On Saturday at Kinnernet, the last session I attended before leaving was led by an Israeli guy named Uri Baruchin who asserted that something had changed in the blogosphere, and we were starting to have a problem because a meme (my word, not his, and it's what I called it as I disagreed in the session) would not spread so fast in the blogosphere now that A-list bloggers were waning in link counts (a popularity scale because it uses a single digital social gesture, the link, and does not weigh at all the many other conversational gestures of a blog over time -- that would require multiple digital social gestures and a much more complex "algorithm" than just counting links). He was worried that the number of smaller discussions required to spread news would make the blogosphere as a whole less effective in broadcasting news, and somehow this meant there was some loss of power bloggers had been holding and was now waning.
I disagreed with his thesis, and gave some obvious statistics but also some ideas. First, I said that the blogosphere's purpose was not singular. This goes for both individual bloggers and on the whole, if there can be a "unified purpose," which I don't think there is because there are too many different kinds of blogging. Remember blogs are tools, and each person takes it and uses it in whatever way makes sense, which probably means there are 33+ million slightly different to extremely different variations of blogs now.
Anyway, back to disagreeing with the "unified purpose" idea. So, if you look at this from one view -- through the State of the Blogosphere reports put forth a in October 2004, where counts for the NY Times and MSNBC were in the neighborhood of 17 or 18 thousand links, and top 100 bloggers like Boing Boing and Instapundit had 6 or so thousand links.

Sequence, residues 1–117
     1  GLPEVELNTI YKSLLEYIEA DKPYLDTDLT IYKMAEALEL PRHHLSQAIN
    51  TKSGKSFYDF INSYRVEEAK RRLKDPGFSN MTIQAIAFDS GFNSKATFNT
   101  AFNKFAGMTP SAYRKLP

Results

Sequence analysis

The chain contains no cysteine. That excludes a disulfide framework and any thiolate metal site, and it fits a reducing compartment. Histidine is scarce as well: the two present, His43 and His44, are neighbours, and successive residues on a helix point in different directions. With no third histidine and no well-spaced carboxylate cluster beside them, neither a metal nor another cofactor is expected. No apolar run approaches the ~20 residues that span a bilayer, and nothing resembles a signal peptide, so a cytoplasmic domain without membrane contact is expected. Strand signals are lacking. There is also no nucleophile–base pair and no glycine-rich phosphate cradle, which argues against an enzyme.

At that point in time, Technorati tracked 4 million blogs and 400 million links, and now, a year and a half later, Technroati tracks 33+ million blogs and 2.2 billion links. In January, 2006, the NY Times has 55,000+ links and CNN has around 53,000+ but Boing Boing has 18,000+ and Instapundit has 5,600 links (the are no longer the number 2 blog, as that position is now held by Engadget at 15,600+ links) you can see that while the blogosphere has grown 7x and the links 5.5x, the inbound link counts of the top blogs and media has grown 3x.
Also, take into account that Technorati changed its methods of link counting last August, after several things occurred (Robert Scoble complained about its link counts in comparison to Bloglines which counts every link since it started counting, and I had reported on how link counting worked across 5 services and then other's reports of frustration with the Top 100 and A-list counts where sparce posters' links were favored over frequent posters' links). So Technorati changed from counting just links on the top pages of a blog (those posts that linked but dropped off the front pages were dropped from link counts) to any link that had occurred in the past 6 months. Technorati still counts one link only per blog, no matter it's location on the blog posts or blogroll, no matter how many links come from one blog, but all link types age out after 6 months. So these statistics for the later time frame are different and not exactly comparable, but let's do it for the sake of argument here.
So, what does this mean? Well, since there are 5.5 times more links in this 1.5 year time frame, I believe it means that there are more links made to non-A-list bloggers than bloggers further down the power law curve about , that are in what I call the "conversation middle of the power law curve" (the curve for specifically link counts), than those A-listers at the top are receiving. It means to me that while a year and a half ago, when I explained the conversational middle to people like Peter Hirshberg and Francis Piscani and thought it was far more interesting than what most people were discussing then (the top of the power law, or the existence of the power law curve at all), that now there is some evidence that as the blogosphere goes main stream, it is moving more to the middle, at least as link counts go, to more personal conversations rather than pointers to a few top media sites or the blogs that are act more like broadcasters. The broadcast model for links in blogs means that many more links went to a top blog, than they were able to link back to, because it was just physically impossible. Those top bloggers are 1-to-thousands in their distribution, and yet for inbound links counts, they have thousands of inbound links as opposed to far fewer outbound links to others.